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SPQR_451
Interests: patent law, computer technology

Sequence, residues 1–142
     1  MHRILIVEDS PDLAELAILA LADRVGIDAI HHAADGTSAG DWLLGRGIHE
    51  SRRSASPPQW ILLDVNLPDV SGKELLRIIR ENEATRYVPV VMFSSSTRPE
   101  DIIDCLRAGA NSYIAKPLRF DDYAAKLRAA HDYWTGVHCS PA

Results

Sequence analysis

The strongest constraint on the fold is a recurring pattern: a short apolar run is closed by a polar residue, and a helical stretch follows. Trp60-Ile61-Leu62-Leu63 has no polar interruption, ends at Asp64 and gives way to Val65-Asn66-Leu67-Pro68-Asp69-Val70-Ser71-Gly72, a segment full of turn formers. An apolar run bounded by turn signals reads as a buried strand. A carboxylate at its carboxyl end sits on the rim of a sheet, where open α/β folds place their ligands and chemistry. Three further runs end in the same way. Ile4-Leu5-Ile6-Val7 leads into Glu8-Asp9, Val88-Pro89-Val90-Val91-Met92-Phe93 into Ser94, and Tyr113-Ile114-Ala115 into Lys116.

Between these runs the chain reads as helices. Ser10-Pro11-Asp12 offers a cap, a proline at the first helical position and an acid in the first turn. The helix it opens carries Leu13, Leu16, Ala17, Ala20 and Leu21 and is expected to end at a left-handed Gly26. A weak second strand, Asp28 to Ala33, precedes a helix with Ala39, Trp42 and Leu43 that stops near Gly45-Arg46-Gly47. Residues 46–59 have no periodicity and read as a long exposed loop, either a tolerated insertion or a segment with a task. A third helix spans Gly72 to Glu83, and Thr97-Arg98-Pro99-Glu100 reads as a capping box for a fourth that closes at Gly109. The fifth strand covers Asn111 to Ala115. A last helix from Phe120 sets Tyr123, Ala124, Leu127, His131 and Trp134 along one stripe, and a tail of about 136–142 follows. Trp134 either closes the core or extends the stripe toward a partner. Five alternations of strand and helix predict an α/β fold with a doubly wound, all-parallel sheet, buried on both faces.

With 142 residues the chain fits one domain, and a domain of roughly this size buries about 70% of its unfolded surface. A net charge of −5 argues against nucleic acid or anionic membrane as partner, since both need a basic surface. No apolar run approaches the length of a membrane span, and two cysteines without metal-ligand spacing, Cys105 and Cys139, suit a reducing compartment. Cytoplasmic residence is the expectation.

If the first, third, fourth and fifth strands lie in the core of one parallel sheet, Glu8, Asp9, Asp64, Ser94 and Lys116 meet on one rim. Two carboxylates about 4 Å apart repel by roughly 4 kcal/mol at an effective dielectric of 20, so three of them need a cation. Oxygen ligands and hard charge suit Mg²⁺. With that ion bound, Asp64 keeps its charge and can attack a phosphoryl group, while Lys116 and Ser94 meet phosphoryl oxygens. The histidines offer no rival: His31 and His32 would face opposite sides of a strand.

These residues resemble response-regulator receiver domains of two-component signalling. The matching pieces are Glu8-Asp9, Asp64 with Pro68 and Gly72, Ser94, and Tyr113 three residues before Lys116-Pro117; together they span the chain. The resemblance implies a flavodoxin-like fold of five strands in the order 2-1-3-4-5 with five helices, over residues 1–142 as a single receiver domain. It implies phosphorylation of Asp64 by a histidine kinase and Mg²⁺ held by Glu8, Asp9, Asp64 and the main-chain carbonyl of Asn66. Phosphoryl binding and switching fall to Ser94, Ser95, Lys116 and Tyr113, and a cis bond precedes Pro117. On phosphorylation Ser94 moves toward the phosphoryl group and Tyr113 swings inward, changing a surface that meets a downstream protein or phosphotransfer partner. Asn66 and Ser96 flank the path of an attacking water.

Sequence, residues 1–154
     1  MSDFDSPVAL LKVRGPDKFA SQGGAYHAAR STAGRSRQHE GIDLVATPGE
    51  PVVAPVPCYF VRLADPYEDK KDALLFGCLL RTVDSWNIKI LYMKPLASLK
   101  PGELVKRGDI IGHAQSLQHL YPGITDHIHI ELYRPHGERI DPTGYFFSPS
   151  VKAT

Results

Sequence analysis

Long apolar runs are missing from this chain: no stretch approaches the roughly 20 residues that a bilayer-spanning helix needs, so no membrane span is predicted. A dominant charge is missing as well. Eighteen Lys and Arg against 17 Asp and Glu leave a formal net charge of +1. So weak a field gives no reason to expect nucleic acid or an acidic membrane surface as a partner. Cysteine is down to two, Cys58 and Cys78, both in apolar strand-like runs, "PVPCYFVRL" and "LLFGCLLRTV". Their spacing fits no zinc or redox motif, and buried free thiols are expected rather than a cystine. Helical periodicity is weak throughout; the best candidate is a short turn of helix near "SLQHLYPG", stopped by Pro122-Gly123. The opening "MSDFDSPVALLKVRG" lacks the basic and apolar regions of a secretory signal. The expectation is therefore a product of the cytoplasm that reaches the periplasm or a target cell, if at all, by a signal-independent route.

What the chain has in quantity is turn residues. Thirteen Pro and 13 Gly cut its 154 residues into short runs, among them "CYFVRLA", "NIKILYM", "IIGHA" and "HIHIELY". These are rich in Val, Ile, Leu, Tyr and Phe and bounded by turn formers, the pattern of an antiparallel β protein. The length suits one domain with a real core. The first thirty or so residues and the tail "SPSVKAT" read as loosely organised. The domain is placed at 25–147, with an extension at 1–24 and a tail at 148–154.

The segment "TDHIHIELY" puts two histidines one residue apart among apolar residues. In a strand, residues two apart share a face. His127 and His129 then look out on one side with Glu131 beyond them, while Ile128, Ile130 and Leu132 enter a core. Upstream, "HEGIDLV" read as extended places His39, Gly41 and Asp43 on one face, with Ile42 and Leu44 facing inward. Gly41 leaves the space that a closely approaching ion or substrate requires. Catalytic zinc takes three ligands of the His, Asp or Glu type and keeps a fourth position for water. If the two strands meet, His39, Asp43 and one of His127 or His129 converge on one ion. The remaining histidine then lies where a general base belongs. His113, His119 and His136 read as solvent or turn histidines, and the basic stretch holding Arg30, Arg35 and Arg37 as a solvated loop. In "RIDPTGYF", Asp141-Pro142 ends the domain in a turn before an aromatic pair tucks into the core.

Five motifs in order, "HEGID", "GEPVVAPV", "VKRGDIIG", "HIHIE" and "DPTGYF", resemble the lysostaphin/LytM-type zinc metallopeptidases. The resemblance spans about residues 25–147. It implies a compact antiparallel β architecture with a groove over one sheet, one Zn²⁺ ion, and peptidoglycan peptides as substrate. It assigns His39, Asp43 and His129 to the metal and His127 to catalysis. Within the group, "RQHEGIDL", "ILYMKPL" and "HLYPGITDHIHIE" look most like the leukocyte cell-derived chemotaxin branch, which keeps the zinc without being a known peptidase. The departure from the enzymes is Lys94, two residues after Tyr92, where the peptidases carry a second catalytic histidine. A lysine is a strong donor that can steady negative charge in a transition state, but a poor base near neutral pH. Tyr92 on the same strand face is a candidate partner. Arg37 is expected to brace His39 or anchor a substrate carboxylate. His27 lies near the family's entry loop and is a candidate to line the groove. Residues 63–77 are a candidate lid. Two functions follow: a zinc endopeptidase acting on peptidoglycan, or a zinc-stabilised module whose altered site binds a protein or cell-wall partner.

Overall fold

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"Examiner for now" writes "As a relatively new examiner, I feel like there is an unwritten rule that everything must be rejected at least once. Even if I were to receive an application tomorrow that disclosed an invention for curing HIV, my SPE would still require a first office rejection." What is perceived as an unwritten rule is, instead, a natural consequence of the combination of new examiner inexperience and all too prevalent overbroad claiming. Please note, I'm not complaining about overbroad claiming, just taking notice that it happens a lot, probably for the reason already mentioned up thread, that the applicant doesn't really want to leave anything on the table. As proof of the examiner's level of inexperience note how his (no offense intended) complaint is worded, "Even if I were to receive an application tomorrow that disclosed an invention for curing HIV, my SPE would still require a first office rejection." and realize that he said "a disclosed invention," not a claimed invention. As a primary reviewing Jrs work, I often find it necessary to drill into them the necessity to try to identify patentable subject matter at an early stage and inform the applicant. This teaching does seem to be missing from the Academy, at least in the Jrs I have experience with. But keep in mind that it takes a certain amount of time (at least a year in the art unit) for them to learn the art well-enough to begin to know what is and is not "new and un-obvious" in the prior art and why. Unfortunately, they do not come out of the Academy prepared to do this job without a lot of additional training, and by that I mean reading a lot of applications and references to learn the art. So, it is not reasonable to expect a Jr with less than 2-1/2 years of experience in our art to be knowledgeable enough to know what is and is not patentable subject matter. Most applications in our art have at least some claims with serious 112/1 enablement, scope-of-enablement, and sometimes written description problems, as well as 112/2 problems. This is not to be unexpected, after all, it is simply difficult to write claims that do not have problems. Writing claims is an art, and writing good claims requires experience and skill, but some claims are written by newly minted patent attorneys without practical experience.